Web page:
UCSIM Demos Augmented Reality Application for Centriolar Research

UCSIM Demos Augmented Reality Application for Centriolar Research

The University of Cincinnati UCSIM | Center for Simulations & Virtual Environments Research team hosts representatives of the Paul W. and E. Carole Schafer Foundation for Centriolar Research, Micro Photonics Inc., and UC researchers. May 9, 2016, Cincinnati, OH.

Figure 1. The University of Cincinnati UCSIM | Center for Simulations & Virtual Environments Research team hosts representatives of the Paul W. and E. Carole Schafer Foundation for Centriolar Research, Micro Photonics Inc., and UC researchers. May 9, 2016, Cincinnati, OH.

Earlier this week, the UCSIM | Center for Simulations & Virtual Environments Research hosted the Honorable Bardyl Tirana of the Paul W. and E. Carole Schafer Foundation for Centriolar Research, UC CEAS Emeritus Professor, Dr. Ron Huston, PhD, P.E., Dr. Roger Adelman, PhD., P.E. of Impact Technologies, KY, and Ben Ache, Product Manager at Micro Photonics Inc. to demonstrate virtual and augmented reality technology as a means for scientific visualization and communication.

Student programmer William Burke (UC Blue Ash ’19) demonstrates UCSIM’s prototype Centriole augmented reality application to Hon. Tirana and B. Ache.

Figure 2. Student programmer William Burke (UC Blue Ash ’19) demonstrates UCSIM’s prototype Centriole augmented reality application to the Hon. Bardyl Tirana and Ben Ache.

UCSIM is developing a prototype augmented reality application for the foundation, envisioned as a portable means of disseminating the nature of centriole microtubule assembly, with the overarching goal of promoting a theory of the role that the centriole may play in cancer tumor formation.

Half a century ago, thoracic surgeon Paul W. Schafer, MD., believed that the centriole, which was barely visible in light microscopy, was different from all other organelles. He advanced electron micrographic studies that suggested the centrioles had inter-cellular order, i.e., that they might have communication or “force at a distance” interaction.

Figure 2. Cross section of EM slide from Dr. Schafer, archived by Christy M. Caudill, Res. Assoc.

Figure 3. Cross section of EM slide from Dr. Schafer, archived by Christy M. Caudill, Res. Assoc.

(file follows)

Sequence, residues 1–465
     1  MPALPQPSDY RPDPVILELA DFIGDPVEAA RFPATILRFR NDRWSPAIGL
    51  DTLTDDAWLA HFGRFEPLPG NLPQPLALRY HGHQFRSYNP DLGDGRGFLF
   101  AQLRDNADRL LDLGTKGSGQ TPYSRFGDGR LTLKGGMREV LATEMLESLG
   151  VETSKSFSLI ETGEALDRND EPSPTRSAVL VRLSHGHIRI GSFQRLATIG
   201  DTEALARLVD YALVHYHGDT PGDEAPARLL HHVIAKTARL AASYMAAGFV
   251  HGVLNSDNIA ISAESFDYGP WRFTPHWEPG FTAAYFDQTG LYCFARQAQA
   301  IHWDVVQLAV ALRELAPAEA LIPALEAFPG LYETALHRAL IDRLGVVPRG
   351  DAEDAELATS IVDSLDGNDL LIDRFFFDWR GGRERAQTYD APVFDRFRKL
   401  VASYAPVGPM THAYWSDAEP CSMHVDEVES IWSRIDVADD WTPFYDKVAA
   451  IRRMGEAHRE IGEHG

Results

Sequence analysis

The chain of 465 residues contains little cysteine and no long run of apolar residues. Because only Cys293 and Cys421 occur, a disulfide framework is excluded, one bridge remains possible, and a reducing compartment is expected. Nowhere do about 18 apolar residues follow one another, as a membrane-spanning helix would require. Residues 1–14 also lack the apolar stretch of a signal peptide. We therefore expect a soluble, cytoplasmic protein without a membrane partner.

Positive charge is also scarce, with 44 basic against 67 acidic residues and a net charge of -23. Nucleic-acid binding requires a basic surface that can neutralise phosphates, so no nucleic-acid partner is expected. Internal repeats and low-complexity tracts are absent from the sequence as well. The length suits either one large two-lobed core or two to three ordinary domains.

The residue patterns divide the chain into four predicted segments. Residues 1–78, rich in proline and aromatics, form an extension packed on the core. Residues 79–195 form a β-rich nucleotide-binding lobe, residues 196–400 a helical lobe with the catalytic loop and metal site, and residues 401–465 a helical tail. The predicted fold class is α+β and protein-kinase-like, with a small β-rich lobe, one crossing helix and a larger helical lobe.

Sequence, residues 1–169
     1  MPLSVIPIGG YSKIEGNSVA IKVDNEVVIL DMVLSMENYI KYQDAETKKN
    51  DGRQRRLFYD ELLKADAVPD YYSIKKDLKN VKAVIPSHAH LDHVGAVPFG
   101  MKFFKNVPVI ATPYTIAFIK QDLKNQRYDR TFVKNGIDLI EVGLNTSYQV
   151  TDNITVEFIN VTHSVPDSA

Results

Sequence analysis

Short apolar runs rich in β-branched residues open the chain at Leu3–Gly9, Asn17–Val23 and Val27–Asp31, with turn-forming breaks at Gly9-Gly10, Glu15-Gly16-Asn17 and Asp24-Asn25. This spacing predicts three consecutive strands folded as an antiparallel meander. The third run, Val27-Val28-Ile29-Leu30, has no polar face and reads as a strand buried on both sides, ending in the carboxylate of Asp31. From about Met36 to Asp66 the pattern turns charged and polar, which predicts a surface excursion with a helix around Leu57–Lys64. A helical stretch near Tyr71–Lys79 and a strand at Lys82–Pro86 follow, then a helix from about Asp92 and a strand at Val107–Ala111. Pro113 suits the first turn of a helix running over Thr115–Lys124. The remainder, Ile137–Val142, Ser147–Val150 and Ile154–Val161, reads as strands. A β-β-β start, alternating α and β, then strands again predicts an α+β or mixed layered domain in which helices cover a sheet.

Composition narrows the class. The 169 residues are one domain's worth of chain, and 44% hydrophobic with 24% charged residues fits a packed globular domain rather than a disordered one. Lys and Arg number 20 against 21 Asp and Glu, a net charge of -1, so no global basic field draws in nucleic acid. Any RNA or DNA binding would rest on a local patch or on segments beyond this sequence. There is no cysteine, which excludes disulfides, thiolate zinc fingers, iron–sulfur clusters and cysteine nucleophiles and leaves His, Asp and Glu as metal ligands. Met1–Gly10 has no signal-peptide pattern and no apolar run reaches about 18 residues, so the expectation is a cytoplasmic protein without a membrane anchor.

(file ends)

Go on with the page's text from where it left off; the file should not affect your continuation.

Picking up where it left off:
The foundation created in his name is now carrying on his research by developing computerized models of the centriole, which form the basis for extending the traditional “in-vivo” and “in-vitro” biological experimentation into “in-silica” i.e. graphic models for high-level analytical modeling of electro-magnetic fields, thermal fields, and other “fields” previously invisible to biological experimentation.

The centriole is a particularly interesting subject for UCSIM’s visualization techniques using virtual and augmented reality, because it is known that the centriole’s functionality and reproduction are not adequately described biochemically. Its electromagnetic attributes dominate, and may not lend themselves to description via traditional life-science research methods.

Figure 4. Representation of a mother-daughter centriole pair in Solid Works, R. Adelman.

Figure 4. Representation of a mother-daughter centriole pair in Solid Works, R. Adelman.

Schafer demonstrated that the centriole, unlike other organelles, is sensitive to disruption of its normalcy in the presence of a strong magnetic field, and that such disruption resembles the disruption seen in all cancerous tissue.  With this phase 1 augmented reality prototype, UCSIM is enabling this interdisciplinary team of scientists to effectively disseminate their hypothesis regarding the centriole’s potential role in cancer tumor formation.  Future collaboration with the UCSIM team promises to explore the interaction of the centriole in the virtual cell.

The American Cancer Society reports in its “Cancer Facts and Figures 2015” that nearly 600,000 Americans will die of cancer this year, or 1,620 per day.[1] Only second to heart disease, it is a leading cause of death in the US and worldwide, and even with declining cancer associated mortalities and morbidities, the economic impact of cancer in the US is projected to reach $172.8 billion by 2018.[2]

“There are few of us whose lives have not been touched by cancer,” said Chris Collins, UCSIM Technical Lead, “So we are very excited to use these new visualization techniques to help extend Dr. Schafer’s research.”

[1] http://www.cancer.org/acs/groups/content/@editorial/documents/document/acspc-044552.pdf

[2] http://www.ncbi.nlm.nih.gov/pmc/articles/PMC3191884/pdf/nihms319751.pdf

Figure 1. Back Row: Roger Adelman, Honorable Bardyl Tirana, Ron Huston, Ian Anderson, Jane Combs. Front Row: Ben Ache, Jennifer Adelman, Chris Collins, Janusia Figueiredo, William Burke. Photo credit:  Amy Latessa